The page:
Clint Eastwood did not receive an Oscar nomination for portraying the title character of The Outlaw Josey Wales.
Looking at the role at a glance might cause one to believe it to be simply a standard Eastwood western role, which in itself is nothing to scoff at as Eastwood usually gives good performances in such circumstances. Eastwood's "standard" roles started out as the more sardonic badass in the Dollars trilogy as well as a other westerns he appeared in. When he started directing these himself there began a shift and Eastwood started to become a bit darker of a figure in the film, although that original iteration wasn't wiped away all that quickly. This certainly can be seen in the character of Josey Wales who we follow in his attempted escape to Mexico after every other member of the confederate army has surrendered except him. During this time we are treated to some classic Eastwood quips along the way, and Eastwood delivers these flawlessly as per usual. The one about pullin' pistols or whistlin' Dixie is particularly smooth and impeccably executed. As usual as well Eastwood brings the dead pan humor into the line deliveries brilliantly, and most often with just his often rather hilarious reactions to anyone possibly buffoonery around him, it is all indeed some classic Eastwood.
To continue on this point Eastwood once again finds that particular way that only he can quite do. Eastwood has considerable charisma, and even charm, but it's all in his own way and on his own terms. A Eastwood performance never feels like it's purposefully trying to charm you, but nevertheless he just kinda does anyways. Eastwood does not make any exceptions for old Josey Wales in fact in this film in particular Eastwood makes no excuses for his character, and does not make an obvious attempts at an obvious likability really, which I will get to in more detail a little later on. Again though that Eastwood presence is so remarkable in the way carry every scene so effortlessly while being so minimalist at the same time. Eastwood is a master of this, and Eastwood as a director knows how to amplify it all the more as he always holds attention in every scene even when Wales might only have a single action. Eastwood is an actor who really does just so much with just a twitch of the eye, and of course this could not be more fitting to the character of Wales who is all about his rather simple actions or his few words just before he draws his guns.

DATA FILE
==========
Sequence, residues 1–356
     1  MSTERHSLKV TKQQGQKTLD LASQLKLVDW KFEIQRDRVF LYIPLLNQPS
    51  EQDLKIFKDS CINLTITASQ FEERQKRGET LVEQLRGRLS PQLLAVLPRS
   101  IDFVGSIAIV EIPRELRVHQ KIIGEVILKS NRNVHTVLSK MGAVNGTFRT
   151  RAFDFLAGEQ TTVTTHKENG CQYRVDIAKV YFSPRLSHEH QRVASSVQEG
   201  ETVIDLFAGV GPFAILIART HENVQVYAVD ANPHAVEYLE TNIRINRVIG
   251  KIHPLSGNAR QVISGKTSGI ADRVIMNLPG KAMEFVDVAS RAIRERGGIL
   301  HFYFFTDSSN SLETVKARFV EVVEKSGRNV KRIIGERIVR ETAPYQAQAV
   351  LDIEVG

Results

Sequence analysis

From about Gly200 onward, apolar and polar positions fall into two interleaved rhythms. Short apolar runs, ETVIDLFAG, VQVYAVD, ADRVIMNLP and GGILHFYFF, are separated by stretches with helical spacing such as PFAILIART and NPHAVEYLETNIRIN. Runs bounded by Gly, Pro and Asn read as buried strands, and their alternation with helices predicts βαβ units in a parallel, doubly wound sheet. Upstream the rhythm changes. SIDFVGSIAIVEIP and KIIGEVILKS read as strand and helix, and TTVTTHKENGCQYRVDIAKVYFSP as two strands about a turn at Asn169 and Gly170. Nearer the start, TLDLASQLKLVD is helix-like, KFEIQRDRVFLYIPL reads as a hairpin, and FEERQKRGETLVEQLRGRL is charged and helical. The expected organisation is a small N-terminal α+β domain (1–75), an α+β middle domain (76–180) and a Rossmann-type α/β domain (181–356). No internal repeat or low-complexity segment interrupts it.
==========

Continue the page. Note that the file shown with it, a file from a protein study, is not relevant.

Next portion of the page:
Now being an Eastwood directed western the character is much darker than his earlier characters like the man with no name. Of course this is a requirement for the role of Josey Wales, given his past which I will be getting to soon. Eastwood though is outstanding though in the sheer viciousness he realizes in his character. The potential for violence for the man always feels possible, and it's quite interesting what Eastwood is able to accomplish with his performance. Eastwood creates much of the tension of the film with his performance, of course he creates all of it being the director as well, but he does so much as a performer. In his realization of Josey Wales's personal style he presents essentially a ticking time bomb in every scene where it appears that Josey might face someone, or even some when he might not. There's a calm insurance in Eastwood's work fitting for a man who's being killing for so long that now that's all that he really knows how to do. In this calmness though Eastwood realizes such an intensity by making death seemingly one of the few ways in which Josey knows how to end an a conversation with. Although he's our hero for the film, there is something chilling Eastwood finds in this method, particularly in one cold interaction with a bounty hunter with a case of temporary cold feet.